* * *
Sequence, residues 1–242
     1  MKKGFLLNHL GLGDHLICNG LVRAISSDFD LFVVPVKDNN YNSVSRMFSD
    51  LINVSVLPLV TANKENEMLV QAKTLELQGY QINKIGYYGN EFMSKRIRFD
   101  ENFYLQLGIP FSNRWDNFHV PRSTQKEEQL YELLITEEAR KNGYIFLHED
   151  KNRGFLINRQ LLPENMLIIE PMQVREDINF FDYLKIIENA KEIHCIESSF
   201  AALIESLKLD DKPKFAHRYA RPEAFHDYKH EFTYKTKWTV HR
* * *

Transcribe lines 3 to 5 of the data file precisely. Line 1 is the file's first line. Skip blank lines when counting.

    51  LINVSVLPLV TANKENEMLV QAKTLELQGY QINKIGYYGN EFMSKRIRFD
   101  ENFYLQLGIP FSNRWDNFHV PRSTQKEEQL YELLITEEAR KNGYIFLHED
   151  KNRGFLINRQ LLPENMLIIE PMQVREDINF FDYLKIIENA KEIHCIESSF